Be a good person who makes art, walking is creative exercise, and art that resists genocide

Heya folks,

Welcome back to another edition of Sharing Notes!

Be a good person who makes art

We need more wholesome, loving artists. Austin Kleon says, "Worry less about being a great artist. Worry more about being a good human being who makes art." Maya Angelou speaks about her two responsibilities, the first is her responsibility to grow in her craft, "The other is to be as good a human being as I possibly can be so that once I have achieved control of the language, I don't force my weaknesses on a public who might then pick them up and abuse themselves." Wellness and goodness doesn't preclude great art.

Walking is creative exercise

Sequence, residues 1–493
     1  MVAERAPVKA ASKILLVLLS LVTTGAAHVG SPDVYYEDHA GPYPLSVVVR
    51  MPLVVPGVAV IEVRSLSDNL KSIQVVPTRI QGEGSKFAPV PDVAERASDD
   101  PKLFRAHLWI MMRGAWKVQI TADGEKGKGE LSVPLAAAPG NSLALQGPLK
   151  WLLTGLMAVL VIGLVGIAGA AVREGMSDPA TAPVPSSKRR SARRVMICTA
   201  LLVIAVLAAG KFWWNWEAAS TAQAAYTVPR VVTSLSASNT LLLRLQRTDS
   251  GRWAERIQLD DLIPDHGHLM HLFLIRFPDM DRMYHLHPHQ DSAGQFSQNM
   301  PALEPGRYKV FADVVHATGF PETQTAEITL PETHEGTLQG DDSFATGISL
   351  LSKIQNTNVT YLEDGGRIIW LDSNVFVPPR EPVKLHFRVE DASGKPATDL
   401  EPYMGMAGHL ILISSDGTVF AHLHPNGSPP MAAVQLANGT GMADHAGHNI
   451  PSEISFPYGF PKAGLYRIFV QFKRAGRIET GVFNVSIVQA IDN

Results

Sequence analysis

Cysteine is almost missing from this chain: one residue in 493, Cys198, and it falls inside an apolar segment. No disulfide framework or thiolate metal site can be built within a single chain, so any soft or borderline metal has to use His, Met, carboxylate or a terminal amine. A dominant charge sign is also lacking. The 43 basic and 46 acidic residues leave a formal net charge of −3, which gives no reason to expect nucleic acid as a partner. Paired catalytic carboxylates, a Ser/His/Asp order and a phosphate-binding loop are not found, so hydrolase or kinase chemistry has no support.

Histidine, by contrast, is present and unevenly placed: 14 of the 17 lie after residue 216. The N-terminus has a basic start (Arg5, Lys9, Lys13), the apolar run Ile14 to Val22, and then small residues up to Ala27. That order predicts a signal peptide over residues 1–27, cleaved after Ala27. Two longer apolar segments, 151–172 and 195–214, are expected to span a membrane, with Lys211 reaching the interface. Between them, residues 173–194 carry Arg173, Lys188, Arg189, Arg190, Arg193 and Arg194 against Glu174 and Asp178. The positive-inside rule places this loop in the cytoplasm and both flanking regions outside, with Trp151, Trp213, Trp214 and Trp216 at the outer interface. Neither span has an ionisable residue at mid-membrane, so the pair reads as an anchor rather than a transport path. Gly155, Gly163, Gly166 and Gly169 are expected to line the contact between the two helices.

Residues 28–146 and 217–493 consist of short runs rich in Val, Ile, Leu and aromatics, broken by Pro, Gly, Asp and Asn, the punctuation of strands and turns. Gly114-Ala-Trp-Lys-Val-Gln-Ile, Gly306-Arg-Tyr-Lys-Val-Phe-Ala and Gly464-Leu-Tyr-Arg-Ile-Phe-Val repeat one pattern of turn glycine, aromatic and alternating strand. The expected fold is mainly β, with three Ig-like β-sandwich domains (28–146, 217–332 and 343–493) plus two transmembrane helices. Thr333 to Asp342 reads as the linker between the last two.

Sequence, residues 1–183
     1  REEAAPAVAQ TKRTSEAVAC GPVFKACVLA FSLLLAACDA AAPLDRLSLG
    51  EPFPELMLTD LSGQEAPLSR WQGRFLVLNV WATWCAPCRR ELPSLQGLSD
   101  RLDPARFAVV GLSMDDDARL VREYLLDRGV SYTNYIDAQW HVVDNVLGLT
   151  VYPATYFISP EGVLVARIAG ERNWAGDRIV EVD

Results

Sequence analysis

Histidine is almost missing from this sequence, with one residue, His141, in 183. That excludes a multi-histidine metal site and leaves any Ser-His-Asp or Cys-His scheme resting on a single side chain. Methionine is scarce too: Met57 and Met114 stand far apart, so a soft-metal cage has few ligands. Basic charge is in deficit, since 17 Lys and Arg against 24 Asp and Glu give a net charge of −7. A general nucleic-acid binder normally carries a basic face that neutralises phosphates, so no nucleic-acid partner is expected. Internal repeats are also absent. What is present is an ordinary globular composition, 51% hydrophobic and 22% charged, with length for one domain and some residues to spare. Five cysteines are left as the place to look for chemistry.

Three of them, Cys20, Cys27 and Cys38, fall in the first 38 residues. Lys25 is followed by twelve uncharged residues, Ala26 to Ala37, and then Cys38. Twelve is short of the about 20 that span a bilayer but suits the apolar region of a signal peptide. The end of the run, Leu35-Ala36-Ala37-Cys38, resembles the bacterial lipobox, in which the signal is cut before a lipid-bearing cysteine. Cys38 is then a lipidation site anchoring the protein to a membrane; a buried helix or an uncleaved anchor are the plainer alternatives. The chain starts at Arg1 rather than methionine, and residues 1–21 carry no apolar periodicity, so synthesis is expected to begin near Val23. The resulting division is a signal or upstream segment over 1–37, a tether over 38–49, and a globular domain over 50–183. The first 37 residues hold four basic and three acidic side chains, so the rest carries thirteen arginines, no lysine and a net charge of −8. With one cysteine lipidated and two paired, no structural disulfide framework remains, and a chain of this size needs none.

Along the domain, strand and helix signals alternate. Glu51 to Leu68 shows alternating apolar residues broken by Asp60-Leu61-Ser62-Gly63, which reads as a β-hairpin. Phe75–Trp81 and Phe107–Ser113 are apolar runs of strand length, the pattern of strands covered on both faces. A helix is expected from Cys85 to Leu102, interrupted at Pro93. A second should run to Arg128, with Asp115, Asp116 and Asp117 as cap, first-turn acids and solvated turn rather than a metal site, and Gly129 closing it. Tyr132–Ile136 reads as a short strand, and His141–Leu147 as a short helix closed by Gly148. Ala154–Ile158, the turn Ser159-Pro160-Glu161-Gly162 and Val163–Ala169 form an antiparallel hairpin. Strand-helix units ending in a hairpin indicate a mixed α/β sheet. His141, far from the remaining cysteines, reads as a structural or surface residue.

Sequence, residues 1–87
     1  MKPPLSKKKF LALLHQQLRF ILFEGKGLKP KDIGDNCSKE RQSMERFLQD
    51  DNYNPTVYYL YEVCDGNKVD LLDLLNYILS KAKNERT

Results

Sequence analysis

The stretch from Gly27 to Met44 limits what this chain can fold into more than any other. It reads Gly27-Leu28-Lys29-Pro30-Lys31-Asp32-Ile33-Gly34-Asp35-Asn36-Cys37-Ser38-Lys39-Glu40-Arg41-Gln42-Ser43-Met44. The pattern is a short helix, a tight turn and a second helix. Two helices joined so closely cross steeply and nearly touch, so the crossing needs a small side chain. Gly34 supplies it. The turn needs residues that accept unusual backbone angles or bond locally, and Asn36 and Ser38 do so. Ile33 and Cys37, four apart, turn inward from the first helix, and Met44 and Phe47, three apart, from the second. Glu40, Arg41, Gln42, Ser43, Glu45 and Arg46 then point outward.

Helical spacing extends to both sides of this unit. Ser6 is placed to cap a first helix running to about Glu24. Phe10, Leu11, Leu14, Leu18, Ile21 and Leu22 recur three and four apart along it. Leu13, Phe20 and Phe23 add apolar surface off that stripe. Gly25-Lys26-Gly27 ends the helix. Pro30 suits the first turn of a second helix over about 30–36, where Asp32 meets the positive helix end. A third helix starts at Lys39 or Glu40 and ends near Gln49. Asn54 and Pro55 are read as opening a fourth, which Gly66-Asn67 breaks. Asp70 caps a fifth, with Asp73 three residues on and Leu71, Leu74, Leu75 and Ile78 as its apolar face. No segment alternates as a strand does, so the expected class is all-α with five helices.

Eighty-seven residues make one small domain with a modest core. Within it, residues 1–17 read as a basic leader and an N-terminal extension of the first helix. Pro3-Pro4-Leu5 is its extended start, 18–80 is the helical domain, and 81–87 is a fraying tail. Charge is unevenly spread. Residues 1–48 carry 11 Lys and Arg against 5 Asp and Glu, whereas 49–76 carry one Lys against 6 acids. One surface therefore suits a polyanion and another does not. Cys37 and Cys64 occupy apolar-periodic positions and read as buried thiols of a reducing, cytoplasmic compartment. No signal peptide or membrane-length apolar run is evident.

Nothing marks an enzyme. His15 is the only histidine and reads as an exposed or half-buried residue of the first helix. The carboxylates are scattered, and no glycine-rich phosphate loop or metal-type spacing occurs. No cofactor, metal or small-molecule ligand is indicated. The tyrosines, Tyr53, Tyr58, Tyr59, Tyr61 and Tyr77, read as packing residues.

These days, my condition doesn't allow me to do strenuous exercise like running or rock climbing, which used to be my habit, so I've been enjoying more walks. When I get back in touch with my body, my idle mind often invents new musical ideas. St. Augustine said, "It is solved by walking." Søren Kierkegaard said, "I walked myself into my best thoughts." Miranda July said, "There are only so many good ideas you can have sitting in a chair." Walking is inspiring!

Art that resists genocide

Recently, a video of a Palestinian man went viral, showing him dancing the Dabke while fire and smoke rise behind him. Saeed Suliman says Dabke dancing is an "important weapon in the cultural resistance of Palestinians." Preserving arts traditions resists genocide, especially cultural genocide—the erasure and destruction of arts, literature, and structures. (It's worth noting that currently the genocide convention does not recognize cultural genocide.)


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